The Bank of England could use the technology that underpins digital currencies such as bitcoin to offer everyone a bank account with the central bank, one of its top officials said today.
Only commercial banks and a select few financial companies can currently hold accounts at the Bank of England. But Ben Broadbent, deputy governor for monetary policy, said new technology would make it easier to allow more companies or even individuals to hold accounts at the Bank.
“That might mean adding only a narrow set of counterparties – perhaps a wide range of non-bank financial companies, say. It might mean something more dramatic: in the limiting case, everyone – including individuals – would be able to hold such balances,” he told an audience at the London School of Economics.
While explaining the benefits of doing so, he warned it would pose risks to commercial banks. He said:
On the one hand, it would probably make [commercial banks] safer. Currently, deposits are backed mainly by illiquid loans, assets that can’t be sold on open markets; if we all tried simultaneously to close our accounts, banks wouldn’t have the liquid resources to meet the demand. The central bank, by contrast, holds only liquid assets on its balance sheet. The central bank can’t run out of cash and therefore can’t suffer a “run”.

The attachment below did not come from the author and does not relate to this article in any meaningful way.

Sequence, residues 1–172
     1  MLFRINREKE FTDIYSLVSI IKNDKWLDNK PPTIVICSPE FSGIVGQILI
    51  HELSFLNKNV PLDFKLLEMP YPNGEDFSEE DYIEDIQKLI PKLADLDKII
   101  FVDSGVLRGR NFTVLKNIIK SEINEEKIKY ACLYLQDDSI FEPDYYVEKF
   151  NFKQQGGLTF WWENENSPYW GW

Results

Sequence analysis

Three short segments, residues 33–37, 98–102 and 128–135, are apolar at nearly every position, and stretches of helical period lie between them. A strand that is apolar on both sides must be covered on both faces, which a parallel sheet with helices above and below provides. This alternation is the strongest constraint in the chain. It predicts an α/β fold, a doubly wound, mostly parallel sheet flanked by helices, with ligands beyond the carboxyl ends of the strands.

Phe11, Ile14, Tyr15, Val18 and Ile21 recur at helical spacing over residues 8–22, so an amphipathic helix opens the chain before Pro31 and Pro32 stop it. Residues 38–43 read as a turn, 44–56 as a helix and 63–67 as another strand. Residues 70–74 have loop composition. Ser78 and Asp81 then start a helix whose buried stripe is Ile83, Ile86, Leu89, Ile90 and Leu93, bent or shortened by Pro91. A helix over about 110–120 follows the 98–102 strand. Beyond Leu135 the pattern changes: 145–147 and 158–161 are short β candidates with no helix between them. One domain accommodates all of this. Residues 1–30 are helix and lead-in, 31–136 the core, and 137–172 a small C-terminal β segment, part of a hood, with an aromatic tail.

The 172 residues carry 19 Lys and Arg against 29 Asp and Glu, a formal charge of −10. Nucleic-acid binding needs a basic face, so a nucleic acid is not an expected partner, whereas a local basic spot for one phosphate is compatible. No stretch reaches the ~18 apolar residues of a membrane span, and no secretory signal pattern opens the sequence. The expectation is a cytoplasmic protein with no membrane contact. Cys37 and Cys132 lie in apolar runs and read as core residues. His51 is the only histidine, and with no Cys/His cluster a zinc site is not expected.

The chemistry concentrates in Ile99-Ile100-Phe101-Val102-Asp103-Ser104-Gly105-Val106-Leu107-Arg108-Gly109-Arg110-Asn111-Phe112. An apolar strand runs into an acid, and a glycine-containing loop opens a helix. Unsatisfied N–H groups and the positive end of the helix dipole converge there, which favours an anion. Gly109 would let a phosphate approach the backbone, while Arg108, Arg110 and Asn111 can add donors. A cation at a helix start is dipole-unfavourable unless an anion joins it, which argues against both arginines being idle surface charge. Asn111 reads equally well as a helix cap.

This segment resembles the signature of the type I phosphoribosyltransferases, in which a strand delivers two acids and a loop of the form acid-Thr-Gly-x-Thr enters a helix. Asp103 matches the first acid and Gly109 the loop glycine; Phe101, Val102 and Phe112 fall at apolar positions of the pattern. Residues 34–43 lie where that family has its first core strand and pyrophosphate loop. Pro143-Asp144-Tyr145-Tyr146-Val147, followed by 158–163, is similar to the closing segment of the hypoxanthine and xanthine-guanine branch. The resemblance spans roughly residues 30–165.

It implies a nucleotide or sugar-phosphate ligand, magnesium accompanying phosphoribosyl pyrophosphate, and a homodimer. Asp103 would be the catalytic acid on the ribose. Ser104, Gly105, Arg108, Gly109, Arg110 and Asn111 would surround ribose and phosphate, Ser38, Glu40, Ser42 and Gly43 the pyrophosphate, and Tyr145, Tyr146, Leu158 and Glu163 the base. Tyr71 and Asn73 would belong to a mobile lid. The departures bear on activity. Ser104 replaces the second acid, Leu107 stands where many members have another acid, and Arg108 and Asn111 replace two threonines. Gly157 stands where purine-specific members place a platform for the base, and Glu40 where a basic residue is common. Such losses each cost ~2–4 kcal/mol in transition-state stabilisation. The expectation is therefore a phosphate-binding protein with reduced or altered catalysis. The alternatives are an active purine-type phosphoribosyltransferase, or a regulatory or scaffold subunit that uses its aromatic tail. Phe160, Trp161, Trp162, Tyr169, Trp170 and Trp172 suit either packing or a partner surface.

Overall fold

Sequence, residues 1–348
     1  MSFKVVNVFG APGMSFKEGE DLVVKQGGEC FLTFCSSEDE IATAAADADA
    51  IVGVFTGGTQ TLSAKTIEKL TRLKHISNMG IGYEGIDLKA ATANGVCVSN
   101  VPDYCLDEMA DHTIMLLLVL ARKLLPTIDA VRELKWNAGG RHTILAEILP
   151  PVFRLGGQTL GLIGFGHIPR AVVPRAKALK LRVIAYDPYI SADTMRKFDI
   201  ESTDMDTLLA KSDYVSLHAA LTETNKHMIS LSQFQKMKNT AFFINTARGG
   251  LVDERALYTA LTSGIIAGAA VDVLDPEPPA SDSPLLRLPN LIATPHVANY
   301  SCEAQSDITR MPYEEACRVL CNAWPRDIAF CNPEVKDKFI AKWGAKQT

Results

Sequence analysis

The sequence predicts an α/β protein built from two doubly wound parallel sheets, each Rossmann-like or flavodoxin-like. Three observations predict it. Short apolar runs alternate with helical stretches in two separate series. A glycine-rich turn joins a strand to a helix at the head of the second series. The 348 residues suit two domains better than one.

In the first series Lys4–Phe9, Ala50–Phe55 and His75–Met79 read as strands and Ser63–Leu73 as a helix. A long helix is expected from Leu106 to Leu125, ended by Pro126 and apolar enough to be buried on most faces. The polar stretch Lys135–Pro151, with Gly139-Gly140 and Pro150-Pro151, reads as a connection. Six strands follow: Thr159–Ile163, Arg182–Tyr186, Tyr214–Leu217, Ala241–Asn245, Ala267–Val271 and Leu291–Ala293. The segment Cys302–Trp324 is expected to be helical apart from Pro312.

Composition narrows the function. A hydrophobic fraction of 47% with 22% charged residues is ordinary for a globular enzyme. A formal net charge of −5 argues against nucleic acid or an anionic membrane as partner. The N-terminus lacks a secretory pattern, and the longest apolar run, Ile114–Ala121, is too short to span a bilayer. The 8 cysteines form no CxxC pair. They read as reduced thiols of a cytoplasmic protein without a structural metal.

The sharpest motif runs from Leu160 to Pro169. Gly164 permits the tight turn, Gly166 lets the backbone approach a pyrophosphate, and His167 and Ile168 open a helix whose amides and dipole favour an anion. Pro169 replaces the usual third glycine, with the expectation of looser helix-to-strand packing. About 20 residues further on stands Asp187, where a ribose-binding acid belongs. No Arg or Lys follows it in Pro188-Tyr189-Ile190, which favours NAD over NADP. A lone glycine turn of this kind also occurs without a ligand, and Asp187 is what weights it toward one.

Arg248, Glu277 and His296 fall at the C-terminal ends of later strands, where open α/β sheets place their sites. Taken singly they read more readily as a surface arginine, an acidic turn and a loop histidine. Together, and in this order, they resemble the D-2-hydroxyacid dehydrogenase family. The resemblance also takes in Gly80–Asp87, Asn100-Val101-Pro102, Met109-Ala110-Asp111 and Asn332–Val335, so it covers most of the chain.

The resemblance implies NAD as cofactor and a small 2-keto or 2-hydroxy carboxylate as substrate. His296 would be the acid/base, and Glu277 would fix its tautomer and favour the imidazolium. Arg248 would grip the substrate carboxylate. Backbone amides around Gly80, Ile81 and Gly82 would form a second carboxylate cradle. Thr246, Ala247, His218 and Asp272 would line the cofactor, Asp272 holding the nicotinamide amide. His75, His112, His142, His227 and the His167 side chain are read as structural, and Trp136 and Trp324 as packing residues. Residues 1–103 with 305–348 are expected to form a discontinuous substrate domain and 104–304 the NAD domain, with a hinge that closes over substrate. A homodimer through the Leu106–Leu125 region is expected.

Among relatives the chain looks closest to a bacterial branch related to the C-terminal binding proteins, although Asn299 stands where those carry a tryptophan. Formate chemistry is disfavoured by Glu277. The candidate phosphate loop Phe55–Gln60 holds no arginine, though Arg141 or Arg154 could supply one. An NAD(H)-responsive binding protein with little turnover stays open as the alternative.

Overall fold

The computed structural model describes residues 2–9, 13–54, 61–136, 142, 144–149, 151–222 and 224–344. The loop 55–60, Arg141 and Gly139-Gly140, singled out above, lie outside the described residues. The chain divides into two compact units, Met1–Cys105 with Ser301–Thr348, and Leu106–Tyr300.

On the other hand, taking deposits away from banks could impair their ability to make the loans in the first place. Banks would be more reliant on wholesale markets, a source of funding that didn’t prove particularly stable during the crisis, and could reduce their lending to the real economy as a result.
Without a supply of bank credit, how would the real economy, in particular the part of it that cannot easily access securities markets, itself be funded?
If bank lending became scarcer, or more expensive, it’s likely that investment and economic activity would suffer.
Broadbent said bitcoin itself was unlikely to be widely adopted as a currency. However, he said the so-called distributed ledger was an “important innovation”.
“The distributed ledger works by encouraging users to verify for themselves, and others, blocks of transactions made over time. As everyone in the system has the right to do this, and everyone can see the results, there is no need for a trusted, centralised clearer,” he said.
“This allows transfers to be verifiably recorded without the need for a trusted third party. It is potentially valuable when there is no such institution and when verifying such information on a multilateral basis is costly.”